A Babylonian City in Arabia Author(s): Raymond P. Dougherty Source: American Journal of Archaeology, Vol. 34, No. 3 (Jul. - Sep., 1930), pp.

296-312 Published by: Archaeological Institute of America Stable URL: http://www.jstor.org/stable/497985 Accessed: 31/07/2009 20:28
Your use of the JSTOR archive indicates your acceptance of JSTOR's Terms and Conditions of Use, available at http://www.jstor.org/page/info/about/policies/terms.jsp. JSTOR's Terms and Conditions of Use provides, in part, that unless you have obtained prior permission, you may not download an entire issue of a journal or multiple copies of articles, and you may use content in the JSTOR archive only for your personal, non-commercial use. Please contact the publisher regarding any further use of this work. Publisher contact information may be obtained at http://www.jstor.org/action/showPublisher?publisherCode=aia. Each copy of any part of a JSTOR transmission must contain the same copyright notice that appears on the screen or printed page of such transmission. JSTOR is a not-for-profit organization founded in 1995 to build trusted digital archives for scholarship. We work with the scholarly community to preserve their work and the materials they rely upon, and to build a common research platform that promotes the discovery and use of these resources. For more information about JSTOR, please contact support@jstor.org.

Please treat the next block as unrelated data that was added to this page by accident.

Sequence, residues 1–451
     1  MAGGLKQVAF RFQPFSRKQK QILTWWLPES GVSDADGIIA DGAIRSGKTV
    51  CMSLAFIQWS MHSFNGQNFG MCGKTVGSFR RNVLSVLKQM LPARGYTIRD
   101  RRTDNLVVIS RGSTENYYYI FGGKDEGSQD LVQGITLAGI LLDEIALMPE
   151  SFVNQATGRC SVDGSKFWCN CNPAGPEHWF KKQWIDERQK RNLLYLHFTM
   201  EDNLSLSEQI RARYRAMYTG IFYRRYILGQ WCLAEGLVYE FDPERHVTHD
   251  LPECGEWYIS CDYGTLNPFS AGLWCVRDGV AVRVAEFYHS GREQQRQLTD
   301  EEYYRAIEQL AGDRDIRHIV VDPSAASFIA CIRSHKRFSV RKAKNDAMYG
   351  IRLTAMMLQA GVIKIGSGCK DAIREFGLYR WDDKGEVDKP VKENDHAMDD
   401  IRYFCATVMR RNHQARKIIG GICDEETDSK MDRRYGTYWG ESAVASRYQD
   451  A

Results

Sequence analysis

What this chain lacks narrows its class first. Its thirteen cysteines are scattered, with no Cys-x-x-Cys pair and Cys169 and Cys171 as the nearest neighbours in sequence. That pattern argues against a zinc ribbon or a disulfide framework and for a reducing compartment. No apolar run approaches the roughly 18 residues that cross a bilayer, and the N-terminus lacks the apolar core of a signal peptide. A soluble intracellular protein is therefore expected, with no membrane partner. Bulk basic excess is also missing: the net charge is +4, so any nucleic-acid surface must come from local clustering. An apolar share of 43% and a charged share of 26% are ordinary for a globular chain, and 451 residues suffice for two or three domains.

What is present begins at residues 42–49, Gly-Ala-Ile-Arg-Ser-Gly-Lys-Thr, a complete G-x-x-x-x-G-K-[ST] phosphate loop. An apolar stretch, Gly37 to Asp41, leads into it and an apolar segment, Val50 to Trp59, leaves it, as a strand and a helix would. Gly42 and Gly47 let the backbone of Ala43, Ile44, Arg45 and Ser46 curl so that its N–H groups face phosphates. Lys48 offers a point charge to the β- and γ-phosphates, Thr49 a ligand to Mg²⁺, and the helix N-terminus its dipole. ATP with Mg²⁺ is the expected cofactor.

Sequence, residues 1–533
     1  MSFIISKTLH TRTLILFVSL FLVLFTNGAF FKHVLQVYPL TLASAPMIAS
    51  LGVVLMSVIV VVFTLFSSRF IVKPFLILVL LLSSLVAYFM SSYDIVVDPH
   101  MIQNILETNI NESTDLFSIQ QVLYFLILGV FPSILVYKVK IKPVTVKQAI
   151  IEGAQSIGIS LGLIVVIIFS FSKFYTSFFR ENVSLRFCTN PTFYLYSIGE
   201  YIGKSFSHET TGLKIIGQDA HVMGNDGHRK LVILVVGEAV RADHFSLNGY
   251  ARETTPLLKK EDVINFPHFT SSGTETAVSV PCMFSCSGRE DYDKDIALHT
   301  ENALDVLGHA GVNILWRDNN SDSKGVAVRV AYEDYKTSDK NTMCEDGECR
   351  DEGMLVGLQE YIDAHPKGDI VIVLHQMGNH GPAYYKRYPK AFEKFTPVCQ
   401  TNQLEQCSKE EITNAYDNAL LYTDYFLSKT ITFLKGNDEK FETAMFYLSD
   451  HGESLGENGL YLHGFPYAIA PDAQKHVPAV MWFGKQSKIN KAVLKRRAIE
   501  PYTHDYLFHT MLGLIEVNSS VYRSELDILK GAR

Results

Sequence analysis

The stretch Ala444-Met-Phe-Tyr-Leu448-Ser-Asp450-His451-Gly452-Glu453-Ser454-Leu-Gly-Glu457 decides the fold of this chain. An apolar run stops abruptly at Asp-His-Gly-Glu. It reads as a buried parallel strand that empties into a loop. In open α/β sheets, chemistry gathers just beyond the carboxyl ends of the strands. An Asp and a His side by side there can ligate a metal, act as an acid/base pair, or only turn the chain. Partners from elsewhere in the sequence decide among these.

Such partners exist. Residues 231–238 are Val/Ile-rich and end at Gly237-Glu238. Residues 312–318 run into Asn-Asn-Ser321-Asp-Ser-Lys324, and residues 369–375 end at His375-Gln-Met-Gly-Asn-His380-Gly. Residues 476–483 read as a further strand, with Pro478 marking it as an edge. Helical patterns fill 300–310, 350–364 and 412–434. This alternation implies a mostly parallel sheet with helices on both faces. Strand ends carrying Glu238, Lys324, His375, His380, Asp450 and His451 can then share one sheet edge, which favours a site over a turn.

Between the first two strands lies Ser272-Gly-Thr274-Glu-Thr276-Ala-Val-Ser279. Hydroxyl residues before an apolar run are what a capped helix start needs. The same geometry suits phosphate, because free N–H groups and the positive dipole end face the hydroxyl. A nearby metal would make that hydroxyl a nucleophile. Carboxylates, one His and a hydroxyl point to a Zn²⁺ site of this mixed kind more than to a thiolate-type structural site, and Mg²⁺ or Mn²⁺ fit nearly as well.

Archaeological Institute of America is collaborating with JSTOR to digitize, preserve and extend access to American Journal of Archaeology.


ilrctatological 3In;tituteof ZImerica